Our Ocwen Solutions line of business, consisting of the Mortgage Services, Financial Services and Technology Products segments, was separated as of August 10, 2009. For the six weeks of the third quarter for which Ocwen Solutions is included in our results, revenue was $24,023 and pre-tax income was $3,215. Operating expenses included a one-time charge of $2,304 for the closure of two locations. These partial quarter results of Ocwen Solutions may not be indicative of results for the full quarter, and were ahead of the previous quarter’s results for the same period, excluding the one time charge mentioned. As a separate, publicly-traded company, Altisource (NASDAQ:ASPS) will file a Form 10-Q with the Securities and Exchange Commission.

36


          Nine Months Ended September 2009 versus September 2008. We incurred a net loss of $9,092, or $0.13 per share for the nine months ended September 2009 compared to net income of $17,531, or $0.28 per share for the nine months ended September 2008. Income from continuing operations before income taxes was $73,067 as compared to $34,939 for the nine months ended September 2009 and 2008, respectively. The net loss for the nine months ended September 2009 is solely due to the $50,631 of tax expense recognized by Ocwen on the gain on the distribution of assets to Altisource.

          Our operating results for the nine months ended September 2009 benefited from a 20% decline in operating expenses in the first nine months of 2009 compared to 2008. We achieved this improvement despite $3,501 in professional services expenses related to the Ocwen Solutions Separation (the “Separation”). We also recorded unrealized fair value gains of $13,346 on trading securities, compared to $22,366 of unrealized fair value losses on trading securities for the nine months ended September 2009 and 2008, respectively.

Strategic Priorities

          Our competitive strengths are:

 

 

 

 

Lowest Cost Provider . We believe OLS has the lowest operating cost in the sub-prime mortgage servicing industry. Based on average industry cost information provided by a third party valuation consultant, OLS’ net cost to service a non performing loan was 57% lower than the average net cost for the subprime industry as of August 31, 2009.

 

 

 

 

Superior Loss Mitigation and Cash Management . Two recent independent studies comparing servicer performance in servicing non-performing residential loans confirmed that we lead the industry in realizing cash flows for investors and keeping families in their homes. A Moody’s Investors Service study in January 2007 showed that we achieved double the cure rate of subprime servicers rated “average” by Moody’s and 6% higher than the cure rate of subprime servicers rated “strong” despite having a more challenging portfolio consisting of older mortgages with lower credit quality and a higher proportion of second liens. Similarly, in July 2009, Bank of America/Merrill Lynch found that we have the highest “roll rate from 90+ days delinquent to current” for both subprime fixed and adjustable rate loans. We believe these studies, together with our selection by Freddie Mac as a special servicer (as described below), demonstrate our capability to work effectively with delinquent borrowers and generate greater cash flows than any other servicer. This success in returning loans to performing status enables us to decrease our need for advances which, in turn, reduces our interest expense.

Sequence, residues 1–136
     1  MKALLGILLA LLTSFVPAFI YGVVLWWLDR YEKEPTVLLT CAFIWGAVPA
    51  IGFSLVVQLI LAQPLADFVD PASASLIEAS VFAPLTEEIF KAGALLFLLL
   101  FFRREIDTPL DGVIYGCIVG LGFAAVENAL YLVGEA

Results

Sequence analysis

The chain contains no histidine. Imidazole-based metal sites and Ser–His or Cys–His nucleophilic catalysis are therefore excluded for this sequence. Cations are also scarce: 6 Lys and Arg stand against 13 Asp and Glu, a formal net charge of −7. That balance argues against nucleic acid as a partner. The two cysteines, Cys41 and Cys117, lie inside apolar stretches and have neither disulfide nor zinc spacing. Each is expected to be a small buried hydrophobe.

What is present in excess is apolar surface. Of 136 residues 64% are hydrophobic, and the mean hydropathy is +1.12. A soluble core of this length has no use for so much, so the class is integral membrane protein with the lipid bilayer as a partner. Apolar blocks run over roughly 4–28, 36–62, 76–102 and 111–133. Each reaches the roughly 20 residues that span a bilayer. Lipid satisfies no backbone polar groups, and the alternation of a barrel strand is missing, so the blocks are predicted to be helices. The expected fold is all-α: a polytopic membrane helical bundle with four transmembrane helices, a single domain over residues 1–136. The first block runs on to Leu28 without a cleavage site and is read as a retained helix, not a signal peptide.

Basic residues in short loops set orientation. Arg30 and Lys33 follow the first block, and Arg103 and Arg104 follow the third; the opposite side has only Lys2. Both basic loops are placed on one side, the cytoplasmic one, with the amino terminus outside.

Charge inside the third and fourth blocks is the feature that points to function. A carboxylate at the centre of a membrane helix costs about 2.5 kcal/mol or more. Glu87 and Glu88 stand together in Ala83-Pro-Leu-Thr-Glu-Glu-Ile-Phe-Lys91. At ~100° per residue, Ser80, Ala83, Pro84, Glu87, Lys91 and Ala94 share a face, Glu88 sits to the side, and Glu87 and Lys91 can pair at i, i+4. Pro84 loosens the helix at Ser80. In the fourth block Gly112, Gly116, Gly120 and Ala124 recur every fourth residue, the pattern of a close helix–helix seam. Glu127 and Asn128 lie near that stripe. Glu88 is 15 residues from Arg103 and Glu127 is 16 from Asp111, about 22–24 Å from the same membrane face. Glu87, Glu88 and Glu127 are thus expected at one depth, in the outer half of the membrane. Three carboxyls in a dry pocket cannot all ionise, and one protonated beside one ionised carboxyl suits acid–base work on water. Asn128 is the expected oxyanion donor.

High Barriers to Entry . Our servicing platform runs on a proprietary information technology system developed over a 20-year period at a cost of more than $140,000. We license this technology from Altisource under long-term agreements. These licensed tools are enhanced by a feedback loop that provides updated information on the latest servicing and property valuation data gathered by Ocwen and its affiliates. Currently, Altisource employs over 270 software developers focused on identifying additional opportunities to automate manual processes to eliminate variability and to increase the quality and timeliness of decision-making processes and information transfers.

 

 

 

 

Scalability and Flexibility. With our highly automated, artificial intelligence driven technology platforms and global workforce, we can quickly scale our servicing platform to handle acquired loan portfolios with modest infrastructure additions.

          To enhance our competitive strengths, we continue to focus on three initiatives having completed the Separation on August 10, 2009:

 

 

 

 

1.

Liquidity and balance sheet strength

 

 

 

2.

Revenue opportunities

 

 

 

3.

Quality and cost structure leadership

Achieving these initiatives, as more fully described in the following sub-sections, will reinforce our competitive strengths.

           Liquidity and Balance Sheet Strength